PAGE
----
Tomasz Adamek Meets the Press

By Robert Ecksel on August 31, 2011
Tomasz Adamek Meets the Press
“He will not get a fighter standing in front of him, waiting for execution and payday.”

No one ever questioned Adamek’s heart. He’s always been tough and he’ll be tough when he fights Klitschko. But will tough be enough…

Tomasz Adamek has his work cut out for him on Sept. 10. Although the Polish-born Adamek is fighting in his home country at Stadion Miejski in Wroclaw, the delirious crowd supporting their countryman won’t change the fact that he’s going up against WBC heavyweight champion Vitali Klitschko.

Tomasz Adamek (44-1, 28 KOs), his promoter Kathy Duva, and trainer Roger Bloodworth participated in a telephone conference call Wednesday to discuss Adamek’s upcoming title fight with Dr. Ironfist (42-2, 39 KOs).

“I never thought I would fight for a world championship in front of my people,” said former WBC light heavyweight and IBF cruiserweight champion Adamek. “The whole country believes in me. It’s very important to me. I know they say I am not the favorite, but in Poland I will have millions cheering for me.””

That the fight is in Poland, and not in Las Vegas or Berlin, is attracting almost as much attention as the fight itself. Duva telephoned from Eastern Europe and admitted to being thrilled by what she has seen.

“I am already in Wroclaw,” she said. “They are putting the finishing touches on the inside of the stadium. Everything is just about ready to go. It is very exciting here. Anyone who fights Klitschko is considered an underdog. If you talk to any of the cab drivers in Poland they believe Tomasz is the favorite. I think it’s wonderful to be the underdog. Tomasz is kind of back to where he was when he fought Cunningham. He doesn’t have the pressure. The champ does. Everyone in Poland is picking Tomasz to win.”

Just because Adamek was the underdog when he beat Steve Cunningham in 2008, doesn’t necessarily mean that history will repeat itself against Klitschko. There’s the size difference to consider, the 6’7½” Klitschko towers over the 6’½” Adamek, and a corresponding disparity in weight.

Not only that, the heavyweights Adamek has beaten since moving up in weight—Andrew Golota in 2009, Jason Estrada, Chris Arreola, Michael Grant and Vinnie Maddalone in 2010, and Kevin McBride last April—may have been inadequate preparation for the hard-hitting behemoth from Kiev.

Adamek’s trainer was asked about his game plan for dealing with the seasoned heavyweight champ.

“It’s not a good idea to give up your game plan before a fight,” said Bloodworth. “This is not the time to talk about it and I also don’t want to talk about Tomek’s advantages over Vitali. Adamek is faster but he will have to be very aware to not be in the wrong place at the wrong time. He’s not going to fight Klitschko thinking to win by decision. Nobody does that. After the first couple of rounds we will know what’s going on and choose the best scenario for us. We don’t have just one game plan. It all depends on what Vitali brings to the ring. We’ll know after the first two rounds. We’re prepared no matter what.”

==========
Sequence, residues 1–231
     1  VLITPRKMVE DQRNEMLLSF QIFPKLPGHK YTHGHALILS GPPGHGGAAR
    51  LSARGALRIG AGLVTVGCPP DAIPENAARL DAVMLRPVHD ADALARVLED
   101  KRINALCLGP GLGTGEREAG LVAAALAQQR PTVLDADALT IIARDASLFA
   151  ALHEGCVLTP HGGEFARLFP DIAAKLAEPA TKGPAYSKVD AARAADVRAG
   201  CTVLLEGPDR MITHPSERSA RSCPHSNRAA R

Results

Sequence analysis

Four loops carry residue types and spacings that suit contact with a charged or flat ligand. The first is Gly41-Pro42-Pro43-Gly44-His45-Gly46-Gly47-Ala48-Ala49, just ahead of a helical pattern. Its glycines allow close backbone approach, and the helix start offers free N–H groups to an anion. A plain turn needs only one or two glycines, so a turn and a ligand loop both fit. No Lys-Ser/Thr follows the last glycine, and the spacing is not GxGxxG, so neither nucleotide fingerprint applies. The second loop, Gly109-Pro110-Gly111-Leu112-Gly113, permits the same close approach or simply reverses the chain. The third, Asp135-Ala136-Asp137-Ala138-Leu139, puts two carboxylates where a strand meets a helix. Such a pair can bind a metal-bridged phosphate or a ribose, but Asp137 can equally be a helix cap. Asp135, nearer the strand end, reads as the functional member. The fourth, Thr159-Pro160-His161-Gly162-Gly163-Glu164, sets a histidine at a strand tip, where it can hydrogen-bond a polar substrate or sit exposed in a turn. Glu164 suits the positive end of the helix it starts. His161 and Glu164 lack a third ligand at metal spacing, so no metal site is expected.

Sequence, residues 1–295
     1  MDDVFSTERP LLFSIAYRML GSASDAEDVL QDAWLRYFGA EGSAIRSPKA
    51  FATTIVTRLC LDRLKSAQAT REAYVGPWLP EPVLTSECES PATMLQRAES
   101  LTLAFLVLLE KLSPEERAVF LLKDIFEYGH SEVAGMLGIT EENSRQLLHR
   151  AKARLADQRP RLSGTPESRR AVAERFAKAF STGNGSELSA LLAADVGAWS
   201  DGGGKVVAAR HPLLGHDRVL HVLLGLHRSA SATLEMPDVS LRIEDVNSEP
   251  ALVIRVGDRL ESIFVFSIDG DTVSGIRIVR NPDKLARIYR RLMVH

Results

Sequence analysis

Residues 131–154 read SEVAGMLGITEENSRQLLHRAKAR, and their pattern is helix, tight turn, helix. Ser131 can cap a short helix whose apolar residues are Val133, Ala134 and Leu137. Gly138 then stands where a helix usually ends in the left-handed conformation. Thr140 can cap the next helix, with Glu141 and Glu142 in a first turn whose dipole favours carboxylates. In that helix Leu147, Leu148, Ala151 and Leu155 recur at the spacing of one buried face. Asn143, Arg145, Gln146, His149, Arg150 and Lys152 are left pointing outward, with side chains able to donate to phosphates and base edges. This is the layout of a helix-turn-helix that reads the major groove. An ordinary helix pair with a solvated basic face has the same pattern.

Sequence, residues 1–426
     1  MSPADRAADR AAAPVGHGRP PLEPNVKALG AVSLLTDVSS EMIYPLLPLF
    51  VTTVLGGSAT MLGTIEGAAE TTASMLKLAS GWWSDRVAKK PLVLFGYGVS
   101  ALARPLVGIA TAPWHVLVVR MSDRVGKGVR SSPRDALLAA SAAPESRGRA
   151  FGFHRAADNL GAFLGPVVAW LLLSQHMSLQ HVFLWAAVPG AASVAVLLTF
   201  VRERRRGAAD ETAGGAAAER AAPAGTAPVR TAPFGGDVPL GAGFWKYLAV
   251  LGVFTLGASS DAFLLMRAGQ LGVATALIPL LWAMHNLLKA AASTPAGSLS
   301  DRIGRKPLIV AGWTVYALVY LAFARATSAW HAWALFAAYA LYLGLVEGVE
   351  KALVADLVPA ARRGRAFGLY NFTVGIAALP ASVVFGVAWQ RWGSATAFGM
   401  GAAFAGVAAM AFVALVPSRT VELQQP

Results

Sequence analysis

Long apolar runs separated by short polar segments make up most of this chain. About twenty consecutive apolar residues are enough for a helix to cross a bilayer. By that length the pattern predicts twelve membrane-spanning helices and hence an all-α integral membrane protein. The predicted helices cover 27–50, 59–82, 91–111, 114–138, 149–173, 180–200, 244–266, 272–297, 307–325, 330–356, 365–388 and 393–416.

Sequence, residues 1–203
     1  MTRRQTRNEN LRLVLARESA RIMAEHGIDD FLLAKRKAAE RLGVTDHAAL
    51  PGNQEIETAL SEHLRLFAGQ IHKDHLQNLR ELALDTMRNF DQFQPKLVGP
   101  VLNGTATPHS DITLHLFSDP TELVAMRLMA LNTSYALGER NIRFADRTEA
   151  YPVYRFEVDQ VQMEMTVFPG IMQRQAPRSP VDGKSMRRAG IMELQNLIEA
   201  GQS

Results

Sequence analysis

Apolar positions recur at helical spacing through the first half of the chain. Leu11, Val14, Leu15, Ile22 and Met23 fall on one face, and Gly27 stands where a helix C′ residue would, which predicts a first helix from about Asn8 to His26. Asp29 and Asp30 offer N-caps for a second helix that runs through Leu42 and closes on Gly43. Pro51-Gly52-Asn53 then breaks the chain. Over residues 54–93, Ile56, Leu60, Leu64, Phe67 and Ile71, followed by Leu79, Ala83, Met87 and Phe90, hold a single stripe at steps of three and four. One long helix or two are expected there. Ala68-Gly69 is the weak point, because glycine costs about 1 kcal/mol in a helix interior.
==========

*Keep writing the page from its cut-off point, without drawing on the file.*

Bloodworth wasn’t about to show his hand, and who can blame him, but a little teasing seemed to in order.

“I’ll tell you what we plan NOT to do,” he said, “and that’s block his right hand with Tomasz’s head!”

Adamek was more forthcoming than his trainer: “We worked on my speed, speed is power. I’m looking every place I can to hit him. My heart is good. My spirit is good. Size is not so important in the ring. Heart is important.”

No one ever questioned Adamek’s heart. He’s always been tough and he’ll be tough when he fights Klitschko. But will tough be enough?

“I believe you have to have the right frame of mind to get in the ring,” Adamek said. “I know how to beat Vitali. I know that he will be expecting somebody who will be intimidated, even scared, but this will not be the case for me. I will use any chance I get to hit Vitali. I’m not afraid to fight big guys. Their size makes no difference to me. He will not get a fighter standing in front of him, waiting for execution and payday. He will get somebody with no fear and the will and skills to win. This will be deciding factor.”

Follow us on Twitter@boxing_com to continue the discussion

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  1. Joe 03:30am, 09/01/2011

    Goral is a professional and he’s going to come in and give it 100 percent - no doubt about that.  Personally, I wish he’d gotten his shot against Wlad, in my mind Vitali is the real champ.  I think his warm-up fights have proven he’s got the boxing skills to fight with the big boys, I hope he’s got a three-punch combination from somewhere that can really “hurt” Vitali, otherwise it’s going to be a long night and a pumpkin head as a result.  Best of luck to Adamek. The division needs him to shake things up for us.

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